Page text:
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Geography 1.docx

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Western University
Geography 2010A/B
Mark Moscicki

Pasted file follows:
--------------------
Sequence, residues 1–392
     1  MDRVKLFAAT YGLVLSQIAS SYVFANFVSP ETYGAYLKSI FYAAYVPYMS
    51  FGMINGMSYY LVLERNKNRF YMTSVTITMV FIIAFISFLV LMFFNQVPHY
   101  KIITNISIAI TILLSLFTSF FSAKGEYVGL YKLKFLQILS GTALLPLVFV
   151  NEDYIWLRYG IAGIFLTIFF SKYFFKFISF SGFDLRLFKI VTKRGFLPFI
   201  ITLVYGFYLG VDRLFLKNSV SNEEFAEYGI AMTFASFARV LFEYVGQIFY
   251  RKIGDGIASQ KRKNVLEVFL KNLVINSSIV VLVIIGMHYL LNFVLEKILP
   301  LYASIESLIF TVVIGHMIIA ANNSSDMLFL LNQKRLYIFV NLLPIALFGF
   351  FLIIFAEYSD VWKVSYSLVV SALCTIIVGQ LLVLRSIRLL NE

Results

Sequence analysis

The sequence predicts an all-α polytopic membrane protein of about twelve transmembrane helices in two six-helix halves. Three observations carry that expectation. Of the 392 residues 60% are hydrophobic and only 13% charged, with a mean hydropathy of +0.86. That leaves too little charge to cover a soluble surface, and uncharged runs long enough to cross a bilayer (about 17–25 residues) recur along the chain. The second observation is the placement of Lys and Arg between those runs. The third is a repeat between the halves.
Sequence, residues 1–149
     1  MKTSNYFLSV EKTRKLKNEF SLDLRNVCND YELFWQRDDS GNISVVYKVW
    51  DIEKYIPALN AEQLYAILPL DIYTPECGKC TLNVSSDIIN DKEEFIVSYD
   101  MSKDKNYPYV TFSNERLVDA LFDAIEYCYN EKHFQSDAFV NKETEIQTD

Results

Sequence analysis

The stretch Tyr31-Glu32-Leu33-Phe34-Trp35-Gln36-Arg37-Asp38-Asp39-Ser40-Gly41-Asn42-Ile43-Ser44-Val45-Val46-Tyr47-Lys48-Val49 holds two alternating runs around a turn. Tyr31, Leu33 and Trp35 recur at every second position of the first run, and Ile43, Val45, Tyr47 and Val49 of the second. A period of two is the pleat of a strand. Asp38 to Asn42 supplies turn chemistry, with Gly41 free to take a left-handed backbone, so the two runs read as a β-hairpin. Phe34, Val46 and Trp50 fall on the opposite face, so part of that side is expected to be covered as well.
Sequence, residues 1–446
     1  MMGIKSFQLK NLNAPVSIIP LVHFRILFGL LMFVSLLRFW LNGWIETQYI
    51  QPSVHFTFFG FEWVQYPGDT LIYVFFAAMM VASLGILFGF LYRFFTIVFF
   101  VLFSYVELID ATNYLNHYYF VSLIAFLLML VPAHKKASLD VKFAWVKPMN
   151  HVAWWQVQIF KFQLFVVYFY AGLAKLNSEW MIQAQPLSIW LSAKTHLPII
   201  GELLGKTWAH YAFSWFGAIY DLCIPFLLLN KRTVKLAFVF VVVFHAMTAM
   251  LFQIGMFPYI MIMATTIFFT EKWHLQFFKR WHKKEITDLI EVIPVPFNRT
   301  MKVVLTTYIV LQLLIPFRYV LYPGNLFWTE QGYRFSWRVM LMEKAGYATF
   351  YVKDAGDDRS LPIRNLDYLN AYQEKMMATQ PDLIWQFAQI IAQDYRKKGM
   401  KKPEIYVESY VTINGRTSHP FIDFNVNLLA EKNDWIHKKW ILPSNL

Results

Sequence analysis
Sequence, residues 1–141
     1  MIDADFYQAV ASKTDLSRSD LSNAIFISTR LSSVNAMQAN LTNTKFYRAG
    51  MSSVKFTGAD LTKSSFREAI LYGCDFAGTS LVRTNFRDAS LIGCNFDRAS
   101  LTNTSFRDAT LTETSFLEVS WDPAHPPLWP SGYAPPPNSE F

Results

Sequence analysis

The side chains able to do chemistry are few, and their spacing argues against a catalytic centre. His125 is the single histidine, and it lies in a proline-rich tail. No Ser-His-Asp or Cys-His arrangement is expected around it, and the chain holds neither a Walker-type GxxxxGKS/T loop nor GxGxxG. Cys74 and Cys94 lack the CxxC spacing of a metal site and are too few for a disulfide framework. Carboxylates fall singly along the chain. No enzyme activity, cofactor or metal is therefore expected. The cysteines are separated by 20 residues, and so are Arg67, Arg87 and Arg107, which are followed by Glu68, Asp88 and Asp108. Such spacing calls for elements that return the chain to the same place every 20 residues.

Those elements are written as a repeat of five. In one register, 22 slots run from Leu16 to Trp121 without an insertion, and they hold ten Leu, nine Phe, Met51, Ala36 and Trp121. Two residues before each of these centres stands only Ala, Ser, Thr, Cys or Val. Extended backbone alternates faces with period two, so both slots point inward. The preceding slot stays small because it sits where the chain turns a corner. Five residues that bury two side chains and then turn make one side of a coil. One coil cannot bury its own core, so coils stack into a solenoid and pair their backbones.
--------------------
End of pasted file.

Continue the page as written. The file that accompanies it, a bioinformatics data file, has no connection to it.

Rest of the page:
Geography of Canada: Lecture 1 Jan 8 2014 The Study of Regional Geography • Canada is a huge and diverse country, so its geography is best understood from a regional perspective. The geographic study of a particular part of the world is called regional geography. Canada is divided up into 6 regions, each with its own location, physical geography and history. The 6 geographic regions of Canada are British Columbia, Territorial North (consists of 3 territories), Western Canada (Alberta/Saskatchewan/Manitoba), Ontario, Quebec and Atlantic Canada (New Brunswick, Nova Scotia, PEI, Newfoundland/Labrador). • A strong sense of regional identity exists, and these identities were shaped over time as people faced challenges imposed by their economic, physical and social environments. For many, place is the most powerful determinant of their life chances, experiences and opportunities. Living and working in a common space inevitably leads to the formation of a regional identity. • Regional identity is the product of a regions physical geography, historical events, and economic situation. • People place their imprint on landscapes (via interactions with the environment) just as landscapes influence their lives and activities. • Other expressions of regional belonging are sense of place (emphasizes local control over regional/community affairs) and power of place (linked to globalization) Quebecois exhibit a strong sense of place, who perceive their place within Canada as more of a partnership with the rest of the country. Regionalism • What is regionalism?  Regionalism is the division of a large area (country) into different parts.  Some countries are more prone to regionalism than others. Canada is very prone to regionalism. This is mainly a result of its large size. • Why is regionalism so prevalent in Canada?  The main reason that regionalism is prevalent in Canada is due to its vast geographic size and varied physical geography (creates natural regional divisions).  There are other reasons for regionalism as well. These include: Different patterns of historic settlement and relationship with the aboriginals (provides distinct cultural base in different areas), different cultures and language (Quebec), and uneven population/economic distribution (concentrates power in Central Canada).  The British N.A act of 1867 gave considerable power to the provinces (education/health/natural resources). Region • Definition: A distinctive area of Earth’s surface. It has distinguishing human or natural characteristics that set it apart from other areas (geographic location/historical development/variations in area, population and economic strength/proportions of French speakers and Aboriginals). • Canada has 6 main regions (as well as sub regions such as Southern/Northern Ontario), determined by geographic size, economic importance and population size. An effort was made to balance the 6 regions with regard to these aspects. As a result, Western Canada consists of several provinces, the Territorial North consists of several territories and Atlantic Canada consists of several provinces. Only Ontario, British Columbia and Quebec have the geographic size, population size and economic importance to form separate geographic regions. • The boundaries of regions are related to faultlines. These are NOT physical fault lines. They are differences between two different areas whether it be geographical, cultural, etc. Approaches to Identifying Regions • Select the critical and physical human characteristics that logically divide a large spatial unit into a series of regions and that distinguish each region from adjacent ones. Towards the margins of a region, its core characteristics become less distinct (merge with neighbouring regions) and are best considered transition zones. • Provincially defined region: Choose an area of provinces (ie. Atlantic Canada). Describe the area, analyze the economy, study the demographics, understand the physical geography. • Categorization of land surface: Classify land into chunks that have similar characteristics (based on appearance). Types of Regions • Uniform region: Named after a characteristic where all locations in the region have similarities in that particular characteristic.  Ex: Vegetation (grassland/desert region) • Functional region: Interactions
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